- It is located in Aurangabad district of Maharashtra.
- It has 29 caves, including 4 chaitya caves.
- It has the large Chaitya-Vihara and is decorated with sculpture and paintings (murals).
- Ajanta is the only surviving example of the painting of the first century BCE and the fifth century BCE.
- Some of the vihara caves here are unfinished.
- The important patrons of Ajanta were Varahadeva, the Prime Minister of Vakataka king Harisena; Upendragupta, the local king of the region and feudatory of Harisena; Buddhabadra and Mathurasena.
- Major paintings are in cave Nos. 1, 2, 16 and 17.
MARA VIJAYA, AJANTA CAVE NO. 26:
- The theme of Mara Vijaya has been painted in the caves of Ajanta, but only cave no.26 has a sculptural representation, sculpted on the right wall.
- The panel shows the image of the Buddha in the centre, surrounded by Mara’s army.
- The event is the part of enlightenment and Mara represents desire.
- It is the personification of mind which the Buddha went through at the time of enlightenment.
- The Buddha is shown with his right hand indicating towards the earth as a witness to his generosity.
- The image of Mara is shown contemplating how to disturb Siddhartha, the name of Buddha before enlightenment.
- Another important cave site located in Aurangabad is Ellora.
- It is located 100kms away from Ajanta.
- There are 32 Buddhist, Brahamanical and Jain caves.
- It is unique art historic site in the country as it has monasteries associated with the three religions dating from fifth century CE onwards to eleventh century CE.
- It is also unique in terms of stylistic eclecticism, i.e., the confluence of many styles at one place.
- There are 12 Buddhist caves having many images belonging to Vajrayana Buddhism.
- Buddhist caves are big in size and are of a single, double and triple storey.
- The triple storey of Ellora is a unique one.
- Pillar designs grow from Buddhist caves and when they reach Jain caves (9th century CE), they become very ornate and the decorative forms gain heavy protrusion.
- Most of the caves of Brahamanical faith are dedicated to Shaivism.
- The different avatars of Vishnu are also depicted here.
- Cave no.16 is known as Kailas Leni/ kailasa temple.
- It is a rock cut temple which is carved out of a single rock.
- It was built in the 8th century CE.
- The grand sculpture of Ravana attempting to lift Mount Kailash, with his full might is a landmark in Indian art.
Elephanta caves and other sites:
- Elephanta caves located on Elephanta Island near Mumbai were originally a Buddhist site which was later dominated by the shaivite faith.
- It is contemporary with Ellora.
- The other noteworthy cave site is Bagh located near Indore, MP.
- The Bagh cave also contains paintings and a painting which represents a group of dancers resembles the Garba Dance of North India (originated in Gujarat).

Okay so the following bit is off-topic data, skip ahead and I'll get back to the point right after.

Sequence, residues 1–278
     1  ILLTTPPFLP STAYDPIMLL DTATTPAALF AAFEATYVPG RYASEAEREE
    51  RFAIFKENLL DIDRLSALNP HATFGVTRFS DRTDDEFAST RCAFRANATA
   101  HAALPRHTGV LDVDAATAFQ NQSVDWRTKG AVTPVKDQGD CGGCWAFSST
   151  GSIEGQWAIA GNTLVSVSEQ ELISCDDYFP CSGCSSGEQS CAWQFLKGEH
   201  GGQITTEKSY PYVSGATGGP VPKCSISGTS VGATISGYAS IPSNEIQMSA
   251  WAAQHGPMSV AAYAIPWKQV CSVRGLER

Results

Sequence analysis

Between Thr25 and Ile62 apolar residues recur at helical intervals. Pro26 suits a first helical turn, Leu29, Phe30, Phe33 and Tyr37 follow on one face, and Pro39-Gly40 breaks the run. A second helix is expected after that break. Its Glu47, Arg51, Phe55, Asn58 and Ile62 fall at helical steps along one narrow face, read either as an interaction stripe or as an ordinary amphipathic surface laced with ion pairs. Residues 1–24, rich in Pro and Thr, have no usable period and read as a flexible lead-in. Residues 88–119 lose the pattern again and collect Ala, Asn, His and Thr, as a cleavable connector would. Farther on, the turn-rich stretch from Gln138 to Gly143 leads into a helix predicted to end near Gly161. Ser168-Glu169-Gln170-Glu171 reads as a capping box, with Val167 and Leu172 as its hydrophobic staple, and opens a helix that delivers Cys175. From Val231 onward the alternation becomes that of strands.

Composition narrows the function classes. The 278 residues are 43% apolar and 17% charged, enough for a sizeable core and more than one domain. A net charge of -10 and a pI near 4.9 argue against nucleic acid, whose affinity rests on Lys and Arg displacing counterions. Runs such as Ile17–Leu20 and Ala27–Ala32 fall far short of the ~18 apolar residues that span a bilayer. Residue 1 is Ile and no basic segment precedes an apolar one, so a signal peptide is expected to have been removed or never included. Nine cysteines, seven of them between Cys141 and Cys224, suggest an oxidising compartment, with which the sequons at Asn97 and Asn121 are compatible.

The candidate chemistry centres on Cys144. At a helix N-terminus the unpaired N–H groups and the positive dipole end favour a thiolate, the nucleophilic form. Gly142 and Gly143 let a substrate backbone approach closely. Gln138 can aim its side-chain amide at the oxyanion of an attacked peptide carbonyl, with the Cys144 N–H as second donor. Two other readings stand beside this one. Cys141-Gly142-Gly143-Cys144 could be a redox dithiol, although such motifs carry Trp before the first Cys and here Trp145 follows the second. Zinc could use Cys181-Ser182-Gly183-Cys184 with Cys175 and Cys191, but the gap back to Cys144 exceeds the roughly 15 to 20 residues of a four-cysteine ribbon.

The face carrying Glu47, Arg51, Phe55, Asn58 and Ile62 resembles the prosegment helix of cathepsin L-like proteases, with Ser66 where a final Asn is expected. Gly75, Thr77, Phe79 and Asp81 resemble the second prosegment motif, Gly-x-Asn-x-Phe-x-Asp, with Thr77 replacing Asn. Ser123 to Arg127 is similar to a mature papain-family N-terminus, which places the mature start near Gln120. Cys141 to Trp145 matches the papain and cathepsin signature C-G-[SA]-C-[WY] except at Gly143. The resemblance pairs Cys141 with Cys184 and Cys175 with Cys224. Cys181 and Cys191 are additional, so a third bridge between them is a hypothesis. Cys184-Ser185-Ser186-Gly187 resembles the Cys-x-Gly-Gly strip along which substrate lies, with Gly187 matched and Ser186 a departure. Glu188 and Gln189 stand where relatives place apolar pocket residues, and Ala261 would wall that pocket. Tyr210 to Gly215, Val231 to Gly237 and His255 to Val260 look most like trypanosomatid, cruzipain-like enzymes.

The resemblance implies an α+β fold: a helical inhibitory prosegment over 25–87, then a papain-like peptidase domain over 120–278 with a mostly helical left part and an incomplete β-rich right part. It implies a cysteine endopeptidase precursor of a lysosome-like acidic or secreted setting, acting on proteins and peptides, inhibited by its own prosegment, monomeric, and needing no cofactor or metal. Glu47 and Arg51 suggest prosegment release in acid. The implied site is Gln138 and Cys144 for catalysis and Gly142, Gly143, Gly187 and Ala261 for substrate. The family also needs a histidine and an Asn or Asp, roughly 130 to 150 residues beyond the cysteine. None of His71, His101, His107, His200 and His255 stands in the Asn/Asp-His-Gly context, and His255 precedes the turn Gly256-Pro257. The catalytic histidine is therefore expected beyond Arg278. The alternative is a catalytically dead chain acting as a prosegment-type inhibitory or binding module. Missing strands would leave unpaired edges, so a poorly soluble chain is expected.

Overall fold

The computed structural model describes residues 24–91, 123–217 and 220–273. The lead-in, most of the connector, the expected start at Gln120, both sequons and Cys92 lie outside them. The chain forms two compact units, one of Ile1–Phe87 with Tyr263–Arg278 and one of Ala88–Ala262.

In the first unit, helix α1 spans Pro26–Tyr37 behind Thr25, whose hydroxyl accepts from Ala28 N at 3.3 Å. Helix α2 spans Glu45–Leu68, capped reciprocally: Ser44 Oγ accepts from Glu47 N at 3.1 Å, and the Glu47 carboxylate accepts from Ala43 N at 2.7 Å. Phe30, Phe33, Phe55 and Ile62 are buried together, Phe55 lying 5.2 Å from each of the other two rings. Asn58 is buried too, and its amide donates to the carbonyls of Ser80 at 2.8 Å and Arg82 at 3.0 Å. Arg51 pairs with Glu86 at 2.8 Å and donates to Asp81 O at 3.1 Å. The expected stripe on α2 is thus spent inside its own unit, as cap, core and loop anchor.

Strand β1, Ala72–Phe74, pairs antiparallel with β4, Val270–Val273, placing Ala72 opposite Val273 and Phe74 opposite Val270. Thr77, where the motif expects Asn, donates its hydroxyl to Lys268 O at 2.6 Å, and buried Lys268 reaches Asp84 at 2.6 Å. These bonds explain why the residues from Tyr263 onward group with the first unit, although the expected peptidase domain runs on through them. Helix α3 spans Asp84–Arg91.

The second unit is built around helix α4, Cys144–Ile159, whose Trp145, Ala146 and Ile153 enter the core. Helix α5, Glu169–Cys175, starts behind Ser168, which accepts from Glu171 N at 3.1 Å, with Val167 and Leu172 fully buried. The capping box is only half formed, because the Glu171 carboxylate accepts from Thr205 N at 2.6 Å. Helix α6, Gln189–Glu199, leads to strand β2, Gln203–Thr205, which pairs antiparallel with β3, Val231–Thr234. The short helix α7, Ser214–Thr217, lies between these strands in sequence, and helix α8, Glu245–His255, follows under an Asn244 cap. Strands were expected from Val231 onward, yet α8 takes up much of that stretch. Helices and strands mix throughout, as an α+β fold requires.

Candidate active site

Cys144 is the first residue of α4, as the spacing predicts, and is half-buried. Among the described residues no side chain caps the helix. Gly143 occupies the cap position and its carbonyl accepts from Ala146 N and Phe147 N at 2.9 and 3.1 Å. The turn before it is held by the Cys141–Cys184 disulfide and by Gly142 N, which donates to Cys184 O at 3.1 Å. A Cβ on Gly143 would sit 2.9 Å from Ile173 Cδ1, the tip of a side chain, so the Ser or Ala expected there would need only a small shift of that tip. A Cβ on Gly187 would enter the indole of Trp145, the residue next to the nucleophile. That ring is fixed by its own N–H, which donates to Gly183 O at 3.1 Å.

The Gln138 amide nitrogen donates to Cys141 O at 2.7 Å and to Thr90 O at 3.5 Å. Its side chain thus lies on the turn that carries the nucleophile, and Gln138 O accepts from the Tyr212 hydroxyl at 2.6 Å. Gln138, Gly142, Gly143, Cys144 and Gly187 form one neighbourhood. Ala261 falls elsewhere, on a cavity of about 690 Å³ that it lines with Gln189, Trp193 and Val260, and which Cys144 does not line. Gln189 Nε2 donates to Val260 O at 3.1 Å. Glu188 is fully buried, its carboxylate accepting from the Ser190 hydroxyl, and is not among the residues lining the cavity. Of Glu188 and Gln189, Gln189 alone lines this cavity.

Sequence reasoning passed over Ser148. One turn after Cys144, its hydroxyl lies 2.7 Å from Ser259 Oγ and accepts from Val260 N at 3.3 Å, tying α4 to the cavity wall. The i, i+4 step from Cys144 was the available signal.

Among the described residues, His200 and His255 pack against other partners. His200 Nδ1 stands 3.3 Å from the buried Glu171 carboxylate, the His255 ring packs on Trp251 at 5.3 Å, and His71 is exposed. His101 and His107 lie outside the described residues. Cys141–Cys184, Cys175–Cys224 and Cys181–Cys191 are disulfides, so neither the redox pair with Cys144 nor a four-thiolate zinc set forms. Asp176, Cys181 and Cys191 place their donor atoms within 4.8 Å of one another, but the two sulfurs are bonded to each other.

- The tradition of rock-cut cave continued in the Deccan and they are found not only in Maharashtra but also in Karnataka, mainly at Badami and Aihole, executed under the patronage of the Chalukyas; in Andhra Pradesh in the area of Vijayawada; and in Tamil Nadu, mainly at Mahabalipuram, under the patronage of the Pallavas.
- When the early history of the country depends on collective public patronage, the post sixth century CE depends more on political patronage.
- The sculpture of Maheshmurti (Shiva at centre and heads of Bhairava and Uma on either side) is located here.
Cave tradition in Eastern India:
- Buddhist caves have been discovered in eastern India, primarily in the coastal districts of Andhra Pradesh and Odisha, similar to those found in western India.
- Guntapalle in the Eluru district is one of the most important places in Andhra Pradesh.
- Guntapalle is one of the few locations where structural stupas, viharas, and caverns have all been unearthed in one location.
- Rampa Yerrampalem, in addition to Guntapalle, is an important location.
- A massive rock-cut stupa was carved out of the hillock in Anakapalli, near Visakhapatnam, during the 4th-5th century CE.
- It is a remarkable location since it contains the country’s largest rock-cut stupas.
- The Udayagiri-Khandagiri caves in Odisha are another notable cave location.
- These caverns are distributed around the area and contain inscriptions from the Kaharvela Kings.
- The caves were intended for Jain monks, according to the inscription.
- Numerous single-cell excavations can be seen here.
- The upper half of the cell is embellished with a succession of Chaitya arches and legends that are still told in the region’s folklore.